It’s likely you’ve already seen the big headlines of the week: fires, floods and the resignation of Scott Pruitt from the head of the U.S. Environmental Protection Agency. Here are some of the less flashy stories you may have missed recently:
-Writing for Water Deeply, Brent Gardner-Smith reports that the Upper Colorado River Commission is shuttering a pilot program that paid irrigators to fallow fields. The four-year program paid people in New Mexico, Utah, Colorado and Wyoming about $200 an acre foot to hold off watering their fields so more water could be stored in Lake Powell. This year, the program will pay out almost $4 million to participating farmers and ranchers.
According to the story:
The ending of the program does not mean the commission is giving up on getting more water into the upper Colorado River system in order to raise water levels in Lake Powell, as that interest continues to grow as the drought that began in 2000 lingers.
“I view it more of a change in direction rather than a value judgment of system conservation,” said Pat Tyrrell, who represents Wyoming on the commission and also is the Wyoming state water engineer.
In introducing the proposed resolution, Tyrrell said “there are some things (the pilot program) simply cannot do.”
The pilot program “does not allow the upper (basin) states to sufficiently investigate storage or the additional administrative, technical, operational, economic and legal considerations necessary to explore the feasibility of demand management as part of its ongoing emergency drought contingency planning efforts,” the resolution adopted by the commission states.
-State Land Commissioner Aubrey Dunn sued New Mexico State Engineer Tom Blaine, saying the state’s top water official is allowing too much groundwater to be pumped for oil and gas operations. The Albuquerque Journal’s Dan Boyd has that story.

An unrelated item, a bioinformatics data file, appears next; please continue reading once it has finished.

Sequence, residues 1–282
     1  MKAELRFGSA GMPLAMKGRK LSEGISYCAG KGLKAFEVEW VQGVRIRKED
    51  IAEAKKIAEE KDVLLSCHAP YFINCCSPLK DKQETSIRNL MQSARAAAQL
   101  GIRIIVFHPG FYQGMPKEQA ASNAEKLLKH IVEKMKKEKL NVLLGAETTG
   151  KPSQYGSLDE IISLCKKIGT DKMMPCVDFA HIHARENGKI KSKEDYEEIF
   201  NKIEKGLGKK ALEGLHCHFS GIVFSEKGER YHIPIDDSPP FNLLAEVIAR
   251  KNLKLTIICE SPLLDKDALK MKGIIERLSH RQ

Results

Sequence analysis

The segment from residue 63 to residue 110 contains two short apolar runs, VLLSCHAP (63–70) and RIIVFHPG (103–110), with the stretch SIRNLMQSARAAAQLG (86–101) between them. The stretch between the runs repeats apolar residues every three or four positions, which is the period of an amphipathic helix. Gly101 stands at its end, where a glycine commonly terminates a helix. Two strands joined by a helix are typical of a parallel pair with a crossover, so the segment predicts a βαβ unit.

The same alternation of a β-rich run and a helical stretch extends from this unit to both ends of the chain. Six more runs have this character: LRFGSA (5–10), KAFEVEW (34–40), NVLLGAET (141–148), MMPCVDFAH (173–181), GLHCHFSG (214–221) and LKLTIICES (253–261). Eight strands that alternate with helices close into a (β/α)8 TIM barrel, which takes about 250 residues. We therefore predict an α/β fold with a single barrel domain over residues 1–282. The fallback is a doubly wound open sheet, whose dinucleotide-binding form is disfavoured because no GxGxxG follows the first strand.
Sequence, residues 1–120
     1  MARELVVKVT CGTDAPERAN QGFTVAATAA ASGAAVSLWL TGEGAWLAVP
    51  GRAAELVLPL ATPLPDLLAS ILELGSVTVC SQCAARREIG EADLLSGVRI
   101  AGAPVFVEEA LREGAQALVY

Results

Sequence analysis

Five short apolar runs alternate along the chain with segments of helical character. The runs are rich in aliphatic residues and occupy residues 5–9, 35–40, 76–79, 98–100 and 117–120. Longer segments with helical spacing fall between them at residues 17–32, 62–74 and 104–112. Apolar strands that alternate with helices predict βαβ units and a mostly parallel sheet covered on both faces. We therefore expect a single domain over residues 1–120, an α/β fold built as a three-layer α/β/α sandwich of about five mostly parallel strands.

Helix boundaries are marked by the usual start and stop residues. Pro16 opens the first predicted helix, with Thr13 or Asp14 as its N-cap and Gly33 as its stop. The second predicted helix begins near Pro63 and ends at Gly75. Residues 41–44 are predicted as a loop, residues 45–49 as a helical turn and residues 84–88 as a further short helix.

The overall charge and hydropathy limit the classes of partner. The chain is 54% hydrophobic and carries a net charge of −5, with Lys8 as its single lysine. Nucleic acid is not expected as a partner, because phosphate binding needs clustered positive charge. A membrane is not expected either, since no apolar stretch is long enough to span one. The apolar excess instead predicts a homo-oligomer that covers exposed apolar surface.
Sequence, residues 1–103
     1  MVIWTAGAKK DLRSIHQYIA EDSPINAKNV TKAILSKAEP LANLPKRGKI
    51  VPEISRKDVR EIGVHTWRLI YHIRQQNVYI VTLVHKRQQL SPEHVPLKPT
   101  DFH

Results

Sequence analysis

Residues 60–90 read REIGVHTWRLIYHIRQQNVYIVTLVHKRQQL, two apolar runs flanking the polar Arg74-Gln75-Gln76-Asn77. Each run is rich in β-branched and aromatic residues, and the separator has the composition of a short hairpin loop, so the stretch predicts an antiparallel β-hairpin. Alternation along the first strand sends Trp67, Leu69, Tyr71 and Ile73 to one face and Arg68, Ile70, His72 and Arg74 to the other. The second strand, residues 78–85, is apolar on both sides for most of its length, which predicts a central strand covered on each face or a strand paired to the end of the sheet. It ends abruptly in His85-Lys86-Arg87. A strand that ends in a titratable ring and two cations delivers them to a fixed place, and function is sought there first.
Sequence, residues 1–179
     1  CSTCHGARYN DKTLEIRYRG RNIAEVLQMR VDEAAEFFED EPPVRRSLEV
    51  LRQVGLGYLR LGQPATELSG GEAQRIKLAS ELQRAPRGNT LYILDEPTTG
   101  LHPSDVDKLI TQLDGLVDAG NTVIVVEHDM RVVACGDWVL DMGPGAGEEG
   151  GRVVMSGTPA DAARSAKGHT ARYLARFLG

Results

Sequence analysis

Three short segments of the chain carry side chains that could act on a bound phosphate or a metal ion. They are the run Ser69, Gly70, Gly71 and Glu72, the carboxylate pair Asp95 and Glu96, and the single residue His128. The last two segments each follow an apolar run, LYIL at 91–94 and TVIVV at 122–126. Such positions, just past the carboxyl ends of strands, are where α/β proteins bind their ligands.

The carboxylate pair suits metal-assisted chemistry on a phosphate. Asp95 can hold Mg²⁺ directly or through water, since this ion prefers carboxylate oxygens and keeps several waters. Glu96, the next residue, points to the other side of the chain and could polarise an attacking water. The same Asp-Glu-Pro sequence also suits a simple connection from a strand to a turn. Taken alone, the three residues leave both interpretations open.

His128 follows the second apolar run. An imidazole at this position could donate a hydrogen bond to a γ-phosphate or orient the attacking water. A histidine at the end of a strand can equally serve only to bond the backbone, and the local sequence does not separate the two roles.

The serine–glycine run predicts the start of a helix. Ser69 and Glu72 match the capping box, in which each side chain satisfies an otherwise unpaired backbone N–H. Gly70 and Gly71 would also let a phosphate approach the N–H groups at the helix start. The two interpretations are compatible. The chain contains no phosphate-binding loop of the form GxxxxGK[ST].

-The Santa Fe New Mexican covered the effects of drought on local farmers and the city’s Farmers Market. And the Albuquerque Journal’s Robert Browman recently interviewed his former colleague John Fleck. Fleck now heads the University of New Mexico’s Water Resources Department and spoke about drought, climate change and water supplies. The piece also includes photos from Roberto Rosales.
-There was a protest before a public meeting in Albuquerque this week concerning the Gila River diversion. (See below for information on upcoming public meetings in New Mexico and Arizona.) And the New Mexico Interstate Stream Commission approved another new work plan for the diversion at the end of June—with a requested Fiscal Year 2019 budget of $835,000.
According to a story by Christine Steele in the Silver City Daily Press, the work plan consists of four major tasks, including environmental studies of the diversion; technical services for the engineering firm, AECOM; oversight and administrative fees; and legal services.
-Video footage shows hydrocarbon leaks from oil and gas facilities in southeastern New Mexico, reported Adrian Hedden with the Carlsbad Current Argus:
While the cameras cannot detect the exact chemicals being released, or the quantity, Earthworks thermographer Sharon Wilson said the devices are specifically calibrated to pick up hydrocarbons and other volatile compounds.
After reviewing the footage during an interview with the Current-Argus, Sendero President and Chief Executive Officer Clay Bretches agreed that the apparent leak was “concerning.”
Earthworks filed complaints about seven facilities in the area with the New Mexico Environment Department. Hedden’s follow-up story is here.
–NASA announced this week that May 2018 was the fourth warmest May on record. The period of March-April-May was the third warmest Northern Hemisphere spring in 138 years of record-keeping. The agency also released a nice explainer: “The scientific method and climate change: How scientists know.”
-NOAA put out a web piece recently about its RISA Network. The Regional Integrated Sciences and Assessments Program supports research teams around the nation, including here in New Mexico. As state climatologist Dave DuBois pointed out on Twitter, New Mexico State University is part of a project on increasing resilience in the transportation sector during dust storms and drought. The Southwest RISA (CLIMAS, at the University of Arizona) has partnered with New Mexico DOT, the New Mexico State Climatologist, and the National Weather Service to improve dust forecasting and dust control efforts.
-The public comment period for the Gila River diversion is open until July 20, and there are seven more public meetings planned in New Mexico and Arizona this month. For more information: https://www.nmuniteis.com/submitting-your-comments/.
The article was published at NM Environment Review: Upper Colorado fallowing program ending, more money for Gila River diversion, plus more